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Rousing Irish punk turns the O.C. green
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Flogging molly’s energetic Pacific Amphitheatre performance is proof that the band has arrived.



         “You know you’re getting old when you’re starting to play these fairs,” Flogging Molly’s Dave King told the fist-raising, beer-hoisting crowd on hand Thursday at Pacific Amphitheatre.

         Maybe it signifies that. If you’re Heart or Steve Miller, or even Chris Isaak. But not if you’re Flogging Molly.

         If you’re that great Irish-American punk band – the finest of its kind since the beloved Pogues, as far as we Californians know – headlining a pretty full gig at Pacific is a sign that you’ve really just begun. You’ve finally arrived.

Devoted Molly fans reading this – there are more of them in this region than any other – just went “Huh?” See, they’ve been turning out for the septet’s exuberant and accelerated celebrations of life, love and the pursuit of raucous, pub-blasting Eire punk since the decade began, or earlier.

         It’s been primarily through their support of a tiny genre- tiny only because so far it has produced few truly gifted acts- that Flogging Molly’s reputation has swelled to what it is today. What began at a small L.A. bar has grown through grass-roots means- a couple of Warped Tours didn’t hurt, either- to now mostly fill one of the largest outdoor venues in Southern California.

         Granted, it happened during the O.C. Fair, and the gig was the finale of a bill also featuring the much-loved Vandals and ‘90s holdover Goldfinger. And it was a good deal for your punk cash – just $20.

         But it is still a huge step up from selling out the House of Blues, and it’s far more prestigious than another baking-in the-afternoon turn on a dusty Warped date. It made this lot the kings (and queen, fiddler Bridget Regan) of one of only two nights of punk during Pacific’s three-week run. The other, boasting X, was nostalgic. This was about now.

         And at the moment there are four Irish rock bands not named U2 that appear locally with some regularity that every music fan should know. In no order of importance: L.A.’s Young Dubliners and Flogging Molly, Boston’s Drop Kick Murphys and the O.C.’s Fenians.

         In a battle, I’d judge Molly the best, but that’s because I have a punkish heart that fervently responds to the surging power of its blitzkrieg jig and philosophy of “that’s life, have a pint.” Of 16 cuts, 15 maintained the racing pace of Shane MacGowan pogo-dancing on Oliver Cromwell’s grave via the boisterousness of chants like “The Likes of You Again” and “Rebels of the Sacred Heart.”

         Here, that became a soundtrack to what, for King and many others proved to be a peace-promising party. Hours earlier, the Irish Republican Army announced an end to its armed campaign against Britain and Northern Ireland’s Protestant majority.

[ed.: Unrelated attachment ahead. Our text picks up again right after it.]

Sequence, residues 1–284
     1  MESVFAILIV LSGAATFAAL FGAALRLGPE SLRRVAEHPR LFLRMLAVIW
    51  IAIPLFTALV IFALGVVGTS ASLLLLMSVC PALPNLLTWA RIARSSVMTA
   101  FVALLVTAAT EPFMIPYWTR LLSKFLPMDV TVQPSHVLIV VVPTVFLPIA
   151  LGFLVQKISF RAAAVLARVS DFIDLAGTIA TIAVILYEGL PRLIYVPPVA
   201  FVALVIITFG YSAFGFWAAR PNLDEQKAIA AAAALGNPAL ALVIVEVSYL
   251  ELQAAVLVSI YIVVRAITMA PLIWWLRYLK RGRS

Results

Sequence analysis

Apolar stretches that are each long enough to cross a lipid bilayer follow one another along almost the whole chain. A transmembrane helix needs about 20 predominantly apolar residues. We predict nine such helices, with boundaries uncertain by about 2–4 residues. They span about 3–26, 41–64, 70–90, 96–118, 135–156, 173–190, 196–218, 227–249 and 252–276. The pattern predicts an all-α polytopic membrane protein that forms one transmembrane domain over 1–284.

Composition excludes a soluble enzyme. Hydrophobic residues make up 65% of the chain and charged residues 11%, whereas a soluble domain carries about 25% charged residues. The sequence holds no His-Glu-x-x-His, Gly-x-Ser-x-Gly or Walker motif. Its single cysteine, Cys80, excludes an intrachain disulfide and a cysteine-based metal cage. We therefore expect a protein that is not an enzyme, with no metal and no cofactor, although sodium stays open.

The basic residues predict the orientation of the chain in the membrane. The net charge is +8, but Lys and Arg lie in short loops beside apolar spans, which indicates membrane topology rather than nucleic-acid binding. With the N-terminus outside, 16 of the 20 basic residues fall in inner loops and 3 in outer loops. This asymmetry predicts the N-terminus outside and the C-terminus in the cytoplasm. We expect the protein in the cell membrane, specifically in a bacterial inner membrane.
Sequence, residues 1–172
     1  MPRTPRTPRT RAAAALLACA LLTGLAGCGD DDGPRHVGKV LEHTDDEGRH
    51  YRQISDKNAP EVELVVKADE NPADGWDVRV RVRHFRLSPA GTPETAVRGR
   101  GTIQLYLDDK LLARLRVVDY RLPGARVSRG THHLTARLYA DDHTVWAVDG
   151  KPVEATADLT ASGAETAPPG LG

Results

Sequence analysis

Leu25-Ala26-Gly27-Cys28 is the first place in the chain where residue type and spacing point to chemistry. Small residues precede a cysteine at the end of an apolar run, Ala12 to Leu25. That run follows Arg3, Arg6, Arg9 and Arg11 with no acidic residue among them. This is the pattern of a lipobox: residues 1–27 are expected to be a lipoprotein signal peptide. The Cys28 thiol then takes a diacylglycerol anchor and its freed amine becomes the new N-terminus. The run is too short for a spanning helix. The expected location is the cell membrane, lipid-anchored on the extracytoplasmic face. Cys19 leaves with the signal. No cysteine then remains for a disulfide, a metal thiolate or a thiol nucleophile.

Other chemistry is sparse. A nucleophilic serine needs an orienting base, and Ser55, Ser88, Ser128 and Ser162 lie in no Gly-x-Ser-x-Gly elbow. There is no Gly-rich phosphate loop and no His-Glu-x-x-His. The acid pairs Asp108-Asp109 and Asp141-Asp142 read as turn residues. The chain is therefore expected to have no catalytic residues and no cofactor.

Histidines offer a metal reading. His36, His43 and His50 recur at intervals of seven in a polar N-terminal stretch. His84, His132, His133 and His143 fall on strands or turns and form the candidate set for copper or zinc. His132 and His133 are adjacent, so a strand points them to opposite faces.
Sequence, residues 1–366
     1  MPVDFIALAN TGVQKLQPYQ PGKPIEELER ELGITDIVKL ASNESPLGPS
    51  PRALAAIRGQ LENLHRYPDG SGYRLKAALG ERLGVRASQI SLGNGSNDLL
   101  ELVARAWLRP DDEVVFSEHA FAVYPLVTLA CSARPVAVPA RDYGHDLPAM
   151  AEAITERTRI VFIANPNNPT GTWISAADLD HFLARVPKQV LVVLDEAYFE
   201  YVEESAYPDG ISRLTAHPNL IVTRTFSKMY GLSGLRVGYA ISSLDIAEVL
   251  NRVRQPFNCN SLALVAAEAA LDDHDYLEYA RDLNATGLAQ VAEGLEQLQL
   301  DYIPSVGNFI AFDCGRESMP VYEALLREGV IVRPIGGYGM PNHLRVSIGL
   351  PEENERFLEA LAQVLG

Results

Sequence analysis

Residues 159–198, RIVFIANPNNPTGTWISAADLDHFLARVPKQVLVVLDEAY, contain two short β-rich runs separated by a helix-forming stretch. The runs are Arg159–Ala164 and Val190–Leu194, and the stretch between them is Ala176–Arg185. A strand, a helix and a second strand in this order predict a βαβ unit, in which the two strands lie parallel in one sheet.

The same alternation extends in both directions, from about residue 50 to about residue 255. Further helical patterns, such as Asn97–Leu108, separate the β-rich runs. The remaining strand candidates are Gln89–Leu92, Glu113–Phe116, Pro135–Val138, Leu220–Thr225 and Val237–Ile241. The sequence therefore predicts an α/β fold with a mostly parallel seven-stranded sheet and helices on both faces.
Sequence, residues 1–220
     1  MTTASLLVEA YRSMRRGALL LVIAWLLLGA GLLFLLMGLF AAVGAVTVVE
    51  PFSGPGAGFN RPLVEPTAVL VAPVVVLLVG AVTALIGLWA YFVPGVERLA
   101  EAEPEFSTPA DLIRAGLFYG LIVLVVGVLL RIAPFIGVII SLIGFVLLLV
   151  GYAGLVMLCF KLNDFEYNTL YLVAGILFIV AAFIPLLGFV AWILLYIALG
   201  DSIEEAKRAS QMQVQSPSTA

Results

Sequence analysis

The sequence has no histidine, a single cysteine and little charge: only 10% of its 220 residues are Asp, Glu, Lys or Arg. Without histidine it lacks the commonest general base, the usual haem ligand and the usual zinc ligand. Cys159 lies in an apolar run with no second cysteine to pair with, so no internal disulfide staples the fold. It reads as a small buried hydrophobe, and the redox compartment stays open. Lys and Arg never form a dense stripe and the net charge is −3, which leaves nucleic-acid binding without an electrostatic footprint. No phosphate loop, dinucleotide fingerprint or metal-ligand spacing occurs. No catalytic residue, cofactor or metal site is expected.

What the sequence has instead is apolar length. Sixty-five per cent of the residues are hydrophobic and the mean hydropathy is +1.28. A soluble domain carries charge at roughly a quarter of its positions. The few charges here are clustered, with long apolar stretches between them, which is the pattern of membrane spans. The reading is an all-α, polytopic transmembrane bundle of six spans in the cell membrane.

For King, a transplant who told the audience he’ll be returning to Ireland in two months to care for his 85-year-old mother, that came as impossibly hopeful news. He dedicated “Drunken Lullabies” (its refrain: “we find ourselves in the same old mess”) to the Irish people, “who for the last 500 years have been killing each other.”

         It was a powerful moment, and its jubilation pervaded the entire rousing set. So it didn’t matter that after 75 spirited minutes of it I was ready for a slower traditional tune. The kind that made the Pogues a genuine classic. The sort Molly’s albums have plenty of.

         This wasn’t the time for teary-Maggie pieces, nor an apt moment to accuse Flogging Molly of being like Drop Kick Murphys, trapped in a punk skin. This was, above all, a tribute to Ireland, and the triumphant power of its music.

         And Orange County’s capacity to keep generating a fresh love for punk, even if it comes from a veteran act.

         Of course, if you’ve seen one Vandals show, you’ve seen just about all of them. That’s the band’s best attribute: reliability.

         Dave Quackenbush will do a solid job leading fans through staples like “My Girlfriend’s Dead” and “Anarchy Burger.” Guitarist Warren Fitzgerald will eventually play the goof, here careening into a cover of Queen’s “Don’t Stop Me Now” while turning cartwheels.

         And Joe Escalante, bassist bullfighter and now host of Indie 103.1’s “Barely Legal” program, will try to keep up with unerring Josh Freese, unquestionably the most versatile modern-rock drummer in action. (His other steady gigs are Devo and A Perfect Circle, and his studio résumé spans Paul Westerberg to Guns N’ Roses.)

         As for Goldfinger, well, the group has held up better than most of its peers, although it still struggles to be punk while clinging to its forte, pop hooks set to ska rhythms. The band seemed as good as it ever was, but it says something that out of a half-hour set, all I can recall now are the opening and closing covers – The Cure’s “Just Like Heaven” and Nena’s “99 Luftballoons” – English, if you were wondering.



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